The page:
Items filtered by date: November 2013

Hybrid back-propagation training with evolutionary strategies

Published in Journal Articles

Abstract

This work presents a hybrid algorithm for neural network training that combines the back-propagation (BP) method with an evolutionary algorithm. In the proposed approach, BP updates the network connection weights, and a ( 1+1 ) Evolutionary Strategy (ES) adaptively modifies the main learning parameters. The algorithm can incorporate different BP variants, such as gradient descent with adaptive learning rate (GDA), in which case the learning rate is dynamically adjusted by the stochastic ( 1+1 )-ES as well as the deterministic adaptive rules of GDA; a combined optimization strategy known as memetic search. The proposal is tested on three different domains, time series prediction, classification and biometric recognition, using several problem instances. Experimental results show that the hybrid algorithm can substantially improve upon the standard BP methods. In conclusion, the proposed approach provides a simple extension to basic BP training that improves performance and lessens the need for parameter tuning in real-world problems.

  1. José Parra, Leonardo Trujillo and Patricia Melin. Hybrid back-propagation training with evolutionary strategies. Soft Computing, pages 1-12, 2013. URL, DOI BibTeX

    @article{,
    	year = 2013,
    	issn = "1432-7643",
    	journal = "Soft Computing",
    	doi = "10.1007/s00500-013-1166-8",
    	title = "Hybrid back-propagation training with evolutionary strategies",
    	url = "http://dx.doi.org/10.1007/s00500-013-1166-8",
    	publisher = "Springer Berlin Heidelberg",
    	keywords = "Neural networks; Back-propagation; Evolutionary strategies",
    	author = "Parra, José and Trujillo, Leonardo and Melin, Patricia",
    	pages = "1-12",
    	language = "English"
    }
    
Read more...

Identification of epilepsy stages from ECoG using genetic programming classifiers

Published in Journal Articles

Abstract

Objective: Epilepsy is a common neurological disorder, for which a great deal of research has been devoted to analyze and characterize brain activity during seizures. While this can be done by a human expert, automatic methods still lag behind. This paper analyzes neural activity captured with Electrocorticogram (ECoG), recorded through intracranial implants from Kindling model test subjects. The goal is to automatically identify the main seizure stages: Pre-Ictal, Ictal and Post-Ictal. While visually differentiating each stage can be done by an expert if the complete time-series is available, the goal here is to automatically identify the corresponding stage of short signal segments.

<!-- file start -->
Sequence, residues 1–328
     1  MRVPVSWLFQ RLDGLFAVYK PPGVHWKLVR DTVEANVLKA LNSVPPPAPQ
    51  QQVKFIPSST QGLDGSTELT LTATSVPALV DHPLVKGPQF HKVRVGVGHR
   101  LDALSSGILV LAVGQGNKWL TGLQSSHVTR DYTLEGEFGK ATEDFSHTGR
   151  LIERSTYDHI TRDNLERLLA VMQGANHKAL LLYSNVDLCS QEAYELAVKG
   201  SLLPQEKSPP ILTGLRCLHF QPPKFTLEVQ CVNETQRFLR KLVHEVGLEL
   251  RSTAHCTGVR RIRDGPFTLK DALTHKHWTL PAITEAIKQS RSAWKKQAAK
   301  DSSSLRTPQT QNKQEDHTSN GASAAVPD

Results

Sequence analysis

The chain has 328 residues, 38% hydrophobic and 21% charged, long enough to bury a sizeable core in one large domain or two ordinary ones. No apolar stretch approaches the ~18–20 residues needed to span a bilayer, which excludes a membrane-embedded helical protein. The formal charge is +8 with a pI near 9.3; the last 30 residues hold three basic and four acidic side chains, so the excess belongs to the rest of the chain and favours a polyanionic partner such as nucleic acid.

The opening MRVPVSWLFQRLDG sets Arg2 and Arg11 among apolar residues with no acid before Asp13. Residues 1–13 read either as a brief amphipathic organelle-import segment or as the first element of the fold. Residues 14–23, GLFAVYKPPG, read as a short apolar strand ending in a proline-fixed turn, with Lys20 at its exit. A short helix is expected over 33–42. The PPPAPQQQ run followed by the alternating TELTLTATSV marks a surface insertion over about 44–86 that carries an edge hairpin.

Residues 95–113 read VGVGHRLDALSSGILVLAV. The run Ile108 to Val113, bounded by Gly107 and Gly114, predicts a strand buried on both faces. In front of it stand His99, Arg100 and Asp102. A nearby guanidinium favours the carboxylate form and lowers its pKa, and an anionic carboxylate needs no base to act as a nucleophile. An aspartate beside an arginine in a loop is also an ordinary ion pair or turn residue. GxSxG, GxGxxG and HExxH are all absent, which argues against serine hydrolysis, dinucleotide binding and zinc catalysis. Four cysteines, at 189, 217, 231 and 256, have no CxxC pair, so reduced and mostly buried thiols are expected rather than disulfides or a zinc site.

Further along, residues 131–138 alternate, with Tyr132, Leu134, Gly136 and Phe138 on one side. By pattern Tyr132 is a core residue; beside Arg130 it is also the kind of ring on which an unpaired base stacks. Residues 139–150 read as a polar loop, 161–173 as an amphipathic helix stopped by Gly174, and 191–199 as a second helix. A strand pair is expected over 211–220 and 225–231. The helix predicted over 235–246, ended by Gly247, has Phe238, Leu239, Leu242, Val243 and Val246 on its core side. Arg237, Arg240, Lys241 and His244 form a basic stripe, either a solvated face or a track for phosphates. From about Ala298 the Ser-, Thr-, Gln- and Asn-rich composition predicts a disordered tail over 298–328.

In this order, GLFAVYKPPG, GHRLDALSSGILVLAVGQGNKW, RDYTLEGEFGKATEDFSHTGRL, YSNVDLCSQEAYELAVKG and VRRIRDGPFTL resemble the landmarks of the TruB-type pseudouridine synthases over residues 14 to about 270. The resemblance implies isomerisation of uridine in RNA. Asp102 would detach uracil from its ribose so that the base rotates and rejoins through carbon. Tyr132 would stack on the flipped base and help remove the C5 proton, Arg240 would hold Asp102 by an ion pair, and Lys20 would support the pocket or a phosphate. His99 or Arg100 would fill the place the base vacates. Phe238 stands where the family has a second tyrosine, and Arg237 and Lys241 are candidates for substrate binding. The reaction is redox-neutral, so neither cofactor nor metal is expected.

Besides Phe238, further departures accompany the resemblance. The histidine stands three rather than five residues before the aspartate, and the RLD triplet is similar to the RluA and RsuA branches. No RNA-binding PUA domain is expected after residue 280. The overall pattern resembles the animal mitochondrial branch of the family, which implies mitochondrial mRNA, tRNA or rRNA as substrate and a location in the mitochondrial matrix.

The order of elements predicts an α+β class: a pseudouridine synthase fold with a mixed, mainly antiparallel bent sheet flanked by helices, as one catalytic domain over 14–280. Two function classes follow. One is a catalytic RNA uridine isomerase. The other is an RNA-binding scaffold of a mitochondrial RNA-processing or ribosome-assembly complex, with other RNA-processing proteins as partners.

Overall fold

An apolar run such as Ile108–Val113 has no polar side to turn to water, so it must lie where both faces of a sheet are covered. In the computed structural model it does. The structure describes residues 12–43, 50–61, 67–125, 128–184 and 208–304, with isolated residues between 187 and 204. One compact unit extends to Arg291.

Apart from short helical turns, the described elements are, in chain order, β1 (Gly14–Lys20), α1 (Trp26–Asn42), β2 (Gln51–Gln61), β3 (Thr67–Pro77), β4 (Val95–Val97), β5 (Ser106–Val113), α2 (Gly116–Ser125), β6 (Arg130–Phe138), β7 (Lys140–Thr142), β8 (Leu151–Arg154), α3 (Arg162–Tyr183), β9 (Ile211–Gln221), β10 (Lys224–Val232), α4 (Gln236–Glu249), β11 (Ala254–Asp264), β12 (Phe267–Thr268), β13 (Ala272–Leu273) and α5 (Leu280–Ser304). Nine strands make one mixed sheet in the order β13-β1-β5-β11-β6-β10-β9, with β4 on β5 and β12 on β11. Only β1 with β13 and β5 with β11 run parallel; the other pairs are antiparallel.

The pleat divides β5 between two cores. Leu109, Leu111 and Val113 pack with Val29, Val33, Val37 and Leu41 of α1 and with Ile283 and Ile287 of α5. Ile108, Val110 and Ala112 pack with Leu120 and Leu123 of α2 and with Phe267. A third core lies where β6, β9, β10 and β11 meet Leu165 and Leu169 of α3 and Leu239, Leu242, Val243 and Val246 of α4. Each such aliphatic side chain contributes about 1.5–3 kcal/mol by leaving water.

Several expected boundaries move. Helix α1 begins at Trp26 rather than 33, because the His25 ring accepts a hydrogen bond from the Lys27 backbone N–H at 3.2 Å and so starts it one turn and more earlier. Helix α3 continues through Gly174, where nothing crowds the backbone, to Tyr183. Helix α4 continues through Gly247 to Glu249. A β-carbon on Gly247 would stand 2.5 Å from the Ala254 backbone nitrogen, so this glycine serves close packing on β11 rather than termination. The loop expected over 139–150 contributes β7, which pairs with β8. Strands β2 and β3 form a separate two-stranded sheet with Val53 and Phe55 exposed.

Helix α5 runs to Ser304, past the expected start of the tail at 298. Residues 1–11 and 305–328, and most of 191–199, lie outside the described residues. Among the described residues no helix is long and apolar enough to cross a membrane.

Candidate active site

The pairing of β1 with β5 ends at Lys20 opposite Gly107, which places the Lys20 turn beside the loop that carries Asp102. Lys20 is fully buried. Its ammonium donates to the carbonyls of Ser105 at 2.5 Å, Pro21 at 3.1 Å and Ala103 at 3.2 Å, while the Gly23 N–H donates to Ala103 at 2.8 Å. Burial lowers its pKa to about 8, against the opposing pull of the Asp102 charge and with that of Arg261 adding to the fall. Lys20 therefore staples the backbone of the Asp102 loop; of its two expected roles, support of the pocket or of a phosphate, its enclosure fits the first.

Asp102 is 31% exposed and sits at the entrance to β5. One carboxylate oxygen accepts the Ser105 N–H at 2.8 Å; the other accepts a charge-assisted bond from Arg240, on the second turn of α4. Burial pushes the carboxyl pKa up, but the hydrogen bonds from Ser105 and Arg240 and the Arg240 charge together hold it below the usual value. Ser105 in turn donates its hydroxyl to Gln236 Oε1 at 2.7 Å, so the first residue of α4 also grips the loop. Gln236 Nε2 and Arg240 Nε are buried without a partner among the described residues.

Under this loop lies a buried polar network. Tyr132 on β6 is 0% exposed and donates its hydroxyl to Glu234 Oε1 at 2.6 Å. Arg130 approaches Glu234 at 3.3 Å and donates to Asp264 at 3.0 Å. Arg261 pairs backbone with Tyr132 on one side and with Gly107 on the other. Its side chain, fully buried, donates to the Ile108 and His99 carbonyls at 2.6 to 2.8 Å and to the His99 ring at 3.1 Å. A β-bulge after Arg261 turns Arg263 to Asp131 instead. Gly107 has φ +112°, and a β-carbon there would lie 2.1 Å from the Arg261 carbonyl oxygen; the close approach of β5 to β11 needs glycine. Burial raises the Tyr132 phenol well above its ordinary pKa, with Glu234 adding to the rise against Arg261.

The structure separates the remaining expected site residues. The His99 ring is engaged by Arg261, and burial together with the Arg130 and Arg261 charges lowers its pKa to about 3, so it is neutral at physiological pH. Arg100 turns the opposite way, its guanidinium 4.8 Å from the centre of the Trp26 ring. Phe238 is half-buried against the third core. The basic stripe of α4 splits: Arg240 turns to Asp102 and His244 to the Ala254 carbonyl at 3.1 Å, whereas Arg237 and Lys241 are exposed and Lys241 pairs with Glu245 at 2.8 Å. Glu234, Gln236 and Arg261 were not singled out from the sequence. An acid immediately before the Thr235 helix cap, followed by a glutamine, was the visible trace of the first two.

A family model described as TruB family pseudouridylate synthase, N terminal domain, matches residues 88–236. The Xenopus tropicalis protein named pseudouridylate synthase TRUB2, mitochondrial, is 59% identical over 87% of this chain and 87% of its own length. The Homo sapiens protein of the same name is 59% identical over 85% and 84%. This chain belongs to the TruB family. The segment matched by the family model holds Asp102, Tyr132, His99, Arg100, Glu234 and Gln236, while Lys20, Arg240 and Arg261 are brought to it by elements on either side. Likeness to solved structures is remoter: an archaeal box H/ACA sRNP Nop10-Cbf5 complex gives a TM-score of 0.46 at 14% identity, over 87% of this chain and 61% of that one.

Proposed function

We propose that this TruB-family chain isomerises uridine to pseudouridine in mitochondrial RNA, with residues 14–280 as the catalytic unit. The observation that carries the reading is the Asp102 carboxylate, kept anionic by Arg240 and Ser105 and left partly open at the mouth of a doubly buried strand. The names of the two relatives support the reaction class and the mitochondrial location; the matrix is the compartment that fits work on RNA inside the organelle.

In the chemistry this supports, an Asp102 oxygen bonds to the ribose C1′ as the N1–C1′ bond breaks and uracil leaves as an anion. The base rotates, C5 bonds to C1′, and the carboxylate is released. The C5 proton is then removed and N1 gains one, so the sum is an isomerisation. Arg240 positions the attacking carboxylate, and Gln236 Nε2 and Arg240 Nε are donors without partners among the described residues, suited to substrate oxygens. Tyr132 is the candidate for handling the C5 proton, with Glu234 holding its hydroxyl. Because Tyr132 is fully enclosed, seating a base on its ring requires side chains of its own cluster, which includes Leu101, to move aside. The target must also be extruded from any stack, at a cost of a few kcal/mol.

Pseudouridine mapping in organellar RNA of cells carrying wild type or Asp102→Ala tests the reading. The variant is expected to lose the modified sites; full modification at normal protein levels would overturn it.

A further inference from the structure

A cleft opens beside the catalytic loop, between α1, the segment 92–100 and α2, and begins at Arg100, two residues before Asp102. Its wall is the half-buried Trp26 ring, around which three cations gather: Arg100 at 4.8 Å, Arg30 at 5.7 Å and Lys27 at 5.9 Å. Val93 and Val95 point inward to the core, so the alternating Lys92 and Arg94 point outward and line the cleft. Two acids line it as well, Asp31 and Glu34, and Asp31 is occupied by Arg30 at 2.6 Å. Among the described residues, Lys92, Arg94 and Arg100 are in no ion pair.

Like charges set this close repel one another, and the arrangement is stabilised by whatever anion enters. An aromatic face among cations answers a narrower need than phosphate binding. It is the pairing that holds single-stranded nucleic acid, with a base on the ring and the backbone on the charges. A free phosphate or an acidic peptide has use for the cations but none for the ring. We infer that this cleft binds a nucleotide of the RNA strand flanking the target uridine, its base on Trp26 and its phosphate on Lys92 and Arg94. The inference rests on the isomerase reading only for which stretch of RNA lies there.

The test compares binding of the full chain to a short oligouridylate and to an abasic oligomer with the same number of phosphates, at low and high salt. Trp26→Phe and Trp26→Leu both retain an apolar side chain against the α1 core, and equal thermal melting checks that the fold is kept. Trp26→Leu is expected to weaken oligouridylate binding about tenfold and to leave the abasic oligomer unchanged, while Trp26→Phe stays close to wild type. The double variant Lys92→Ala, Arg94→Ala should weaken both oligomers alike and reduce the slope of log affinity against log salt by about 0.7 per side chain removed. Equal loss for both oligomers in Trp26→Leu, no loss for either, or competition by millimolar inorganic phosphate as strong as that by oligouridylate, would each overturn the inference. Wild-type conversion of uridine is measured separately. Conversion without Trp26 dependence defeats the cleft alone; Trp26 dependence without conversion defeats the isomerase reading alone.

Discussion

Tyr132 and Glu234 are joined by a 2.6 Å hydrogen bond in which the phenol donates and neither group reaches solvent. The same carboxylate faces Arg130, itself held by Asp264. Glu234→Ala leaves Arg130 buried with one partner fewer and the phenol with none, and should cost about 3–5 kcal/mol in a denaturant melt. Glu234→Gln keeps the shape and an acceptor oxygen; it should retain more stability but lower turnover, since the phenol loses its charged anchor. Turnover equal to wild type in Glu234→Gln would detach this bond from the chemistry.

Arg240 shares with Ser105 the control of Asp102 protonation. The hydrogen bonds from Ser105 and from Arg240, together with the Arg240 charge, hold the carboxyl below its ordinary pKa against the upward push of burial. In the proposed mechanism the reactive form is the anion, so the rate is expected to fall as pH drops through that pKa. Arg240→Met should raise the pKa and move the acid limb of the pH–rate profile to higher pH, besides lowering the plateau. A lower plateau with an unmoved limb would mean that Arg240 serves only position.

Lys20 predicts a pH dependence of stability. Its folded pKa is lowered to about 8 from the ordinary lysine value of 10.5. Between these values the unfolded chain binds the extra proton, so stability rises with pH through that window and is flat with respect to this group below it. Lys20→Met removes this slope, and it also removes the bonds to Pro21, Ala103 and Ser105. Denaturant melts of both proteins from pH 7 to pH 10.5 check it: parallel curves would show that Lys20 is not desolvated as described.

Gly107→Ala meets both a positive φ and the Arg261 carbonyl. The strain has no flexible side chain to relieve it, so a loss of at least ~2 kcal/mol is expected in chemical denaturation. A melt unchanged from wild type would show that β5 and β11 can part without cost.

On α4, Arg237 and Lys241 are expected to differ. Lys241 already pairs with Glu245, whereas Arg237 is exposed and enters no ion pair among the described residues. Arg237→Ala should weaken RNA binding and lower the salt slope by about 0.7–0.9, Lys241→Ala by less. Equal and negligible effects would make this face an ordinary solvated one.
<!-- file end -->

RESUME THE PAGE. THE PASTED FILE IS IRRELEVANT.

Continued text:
Methods and materials: The proposal is to pose the above task as a supervised classification problem and derive a mapping function that classifies each signal segment. Given the complexity of the signal patterns, it is difficult to a priori choose any particular classifier. Therefore, Genetic Programming (GP), a population based meta-heuristic for automatic program induction, is used to automatically search for the mapping functions. Two GP-based classifiers are used and extensively evaluated. The signals from epileptic seizures are obtained using the Kindling model of elicited epilepsy in rodent test subjects, for which a seizure was elicited and recorded on four separate days.

Results: Results show that signal segments from a single seizure can be used to derive accurate classifiers that generalize when tested on different signals from the same subject; i.e., GP can automatically produce accurate mapping functions for intra-subject classification. A large number of experiments are performed with the GP classifiers achieving good performance based on standard performance metrics. Moreover, a proof-of-concept real-world prototype is presented, where a GP classifier is transferred and hard-coded on an embedded system using a digital-to-analogue converter and a field programmable gate array, achieving a low average classification error of 14.55%, sensitivity values between 0.65 and 0.97, and specificity values between 0.86 and 0.94.

Conclusions: The proposed approach achieves good results for stage identification, particularly when compared with previous works that focus on this task. The results show that the problem of intra-class classification can be solved with a low error, and high sensitivity and specificity. Moreover, the limitations of the approach are identified and good operating configurations can be proposed based on the results.

  1. Arturo Sotelo, Enrique Guijarro, Leonardo Trujillo, Luis N Coria and Yuliana Martínez. Identification of epilepsy stages from ECoG using genetic programming classifiers. Computers in Biology and Medicine 43(11):1713 - 1723, 2013. URL, DOI BibTeX

    @article{,
    	title = "Identification of epilepsy stages from \{ECoG\} using genetic programming classifiers",
    	journal = "Computers in Biology and Medicine",
    	volume = 43,
    	number = 11,
    	pages = "1713 - 1723",
    	year = 2013,
    	doi = "http://dx.doi.org/10.1016/j.compbiomed.2013.08.016",
    	url = "http://www.sciencedirect.com/science/article/pii/S001048251300231X",
    	author = "Arturo Sotelo and Enrique Guijarro and Leonardo Trujillo and Luis N. Coria and Yuliana Mart\'{i}nez"
    }
    
Read more...
Subscribe to this RSS feed
Feedback